See What’s Cooking At Miracle Mountain Ranch
Need a fun day trip on Memorial Day? Check out the western town and old west atmosphere at Miracle Mountain Christian Ranch’s Open House, just 40 minutes from downtown Jamestown, where the campers who sleep in bunkhouses are referred to as ranchers. Doors open at 9:30 a.m. and events are over at 5 p.m. They’re offering pony rides, a demonstration by the vaulting team, a Memorial Day service, a Message from the Mount and much more. There will be a concession stand, but visitors are welcome to bring a picnic lunch to eat while enjoying the show. Tours and activities for all ages will be offered. The event is free, but trail rides are $8 per person with a 250-pound weight limit. There is no registration required.
Be prepared to be drawn back, as some of the workers and volunteers have returned and stayed for 20 or 30 years, with several starting as ranchers, such as Executive Director Matt Cox.
“I came on staff in 1991, but I first came as a rancher in 1976 when I was 8 years old.”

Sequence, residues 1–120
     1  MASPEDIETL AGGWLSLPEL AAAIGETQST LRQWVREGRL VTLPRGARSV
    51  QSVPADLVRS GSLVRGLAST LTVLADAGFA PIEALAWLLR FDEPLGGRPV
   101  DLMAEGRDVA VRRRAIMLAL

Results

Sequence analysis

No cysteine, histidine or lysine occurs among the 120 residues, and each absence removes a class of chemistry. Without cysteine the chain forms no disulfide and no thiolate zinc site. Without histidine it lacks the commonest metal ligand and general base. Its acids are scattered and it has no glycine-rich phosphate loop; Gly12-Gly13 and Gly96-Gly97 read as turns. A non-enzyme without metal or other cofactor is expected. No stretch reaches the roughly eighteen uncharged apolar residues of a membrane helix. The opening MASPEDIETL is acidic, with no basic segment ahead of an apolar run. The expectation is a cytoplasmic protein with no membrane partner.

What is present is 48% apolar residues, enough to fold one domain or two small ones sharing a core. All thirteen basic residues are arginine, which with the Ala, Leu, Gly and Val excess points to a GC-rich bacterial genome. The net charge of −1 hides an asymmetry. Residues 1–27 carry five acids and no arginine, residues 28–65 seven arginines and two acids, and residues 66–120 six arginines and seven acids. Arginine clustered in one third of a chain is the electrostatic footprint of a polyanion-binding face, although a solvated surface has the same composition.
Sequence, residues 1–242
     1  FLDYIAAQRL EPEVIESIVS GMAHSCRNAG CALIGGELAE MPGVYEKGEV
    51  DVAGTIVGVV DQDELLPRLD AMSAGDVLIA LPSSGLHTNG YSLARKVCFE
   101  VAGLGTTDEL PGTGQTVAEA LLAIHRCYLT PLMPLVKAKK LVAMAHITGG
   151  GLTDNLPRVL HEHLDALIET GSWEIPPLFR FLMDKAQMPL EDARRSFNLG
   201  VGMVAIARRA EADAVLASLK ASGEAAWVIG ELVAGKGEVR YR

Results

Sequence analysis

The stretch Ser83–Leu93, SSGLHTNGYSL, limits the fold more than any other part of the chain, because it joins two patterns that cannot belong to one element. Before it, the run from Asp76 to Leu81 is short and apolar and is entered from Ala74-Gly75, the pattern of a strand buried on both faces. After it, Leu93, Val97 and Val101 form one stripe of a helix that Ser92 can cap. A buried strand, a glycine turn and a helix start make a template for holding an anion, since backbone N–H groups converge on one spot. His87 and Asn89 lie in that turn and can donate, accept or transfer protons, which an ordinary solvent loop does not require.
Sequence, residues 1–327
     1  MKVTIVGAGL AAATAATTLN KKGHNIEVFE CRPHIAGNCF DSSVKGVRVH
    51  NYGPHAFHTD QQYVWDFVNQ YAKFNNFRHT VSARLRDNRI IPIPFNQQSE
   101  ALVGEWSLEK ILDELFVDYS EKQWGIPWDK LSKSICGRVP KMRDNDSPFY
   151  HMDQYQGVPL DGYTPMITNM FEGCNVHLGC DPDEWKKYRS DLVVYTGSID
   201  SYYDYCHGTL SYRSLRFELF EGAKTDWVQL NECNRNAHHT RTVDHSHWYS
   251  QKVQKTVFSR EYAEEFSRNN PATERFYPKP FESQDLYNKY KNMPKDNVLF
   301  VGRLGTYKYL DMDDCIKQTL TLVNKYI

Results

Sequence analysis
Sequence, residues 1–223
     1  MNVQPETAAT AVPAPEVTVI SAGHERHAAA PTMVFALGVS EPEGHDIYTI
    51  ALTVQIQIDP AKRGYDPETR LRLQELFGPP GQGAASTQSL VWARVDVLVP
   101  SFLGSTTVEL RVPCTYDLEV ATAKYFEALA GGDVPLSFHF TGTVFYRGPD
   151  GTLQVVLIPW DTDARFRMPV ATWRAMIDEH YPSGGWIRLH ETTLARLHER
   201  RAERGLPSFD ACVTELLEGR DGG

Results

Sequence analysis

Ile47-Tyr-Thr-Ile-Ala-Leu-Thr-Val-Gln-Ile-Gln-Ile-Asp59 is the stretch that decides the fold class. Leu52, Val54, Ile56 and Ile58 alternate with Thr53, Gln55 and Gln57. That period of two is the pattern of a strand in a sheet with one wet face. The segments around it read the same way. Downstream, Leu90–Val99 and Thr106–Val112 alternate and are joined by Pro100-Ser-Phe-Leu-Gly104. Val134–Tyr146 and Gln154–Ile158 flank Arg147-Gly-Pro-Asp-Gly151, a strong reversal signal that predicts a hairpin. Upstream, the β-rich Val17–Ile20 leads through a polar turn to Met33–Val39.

Cox and his wife, Jenni, met at the Ranch. She is his Administrative Assistant and originally came as a rancher, like her husband, and returned as a volunteer, a counselor and as a student at the School of Discipleship.
“We committed to one another that if we lost our joy here, we would leave,” she said.
The Ranch was established in 1964 by two families whose goal was to reach youth in Northwestern Pennsylvania. It is a non-denominational, non-profit, Christ-centered ministry which hosts 150-170 children each week during camping season. Today, it is comprised of 630 acres and several structures, including the Town Hall, which was built in 1993 by volunteer labor, houses offices and a large gymnasium that is used for activities on rainy days and 20 bunkhouses. Several barns, a large arena for indoor horse activities and two more arenas where training for vaulting is given are also situated on the property. Ox Yoke Inn (a dining area that seats 150), J & R Trapping Company (a 40 capacity meeting room), Wells Fargo (another dining area and meeting room that seats 80) and the Buckboard Cafe (which is the camp store) are all found on Rodeo Drive, the main street of the western town.
There are several activity areas to keep campers and those coming for retreats busy, such as indoor and outdoor basketball courts, a dodgeball court and a baseball field and indoor and outdoor volleyball courts, tetherball courts and a soccer field. Confidence building on a low ropes course, hay rides, hiking and pony cart rides, field games and snow tubing are just a few of the activities available.
Three Texas Longhorn steers, which are trained by Matt Cox and 70-80 horses are on location. All but one of the 28 full-time staff reside on the property. Staff must raise their own funding, similar to missionaries.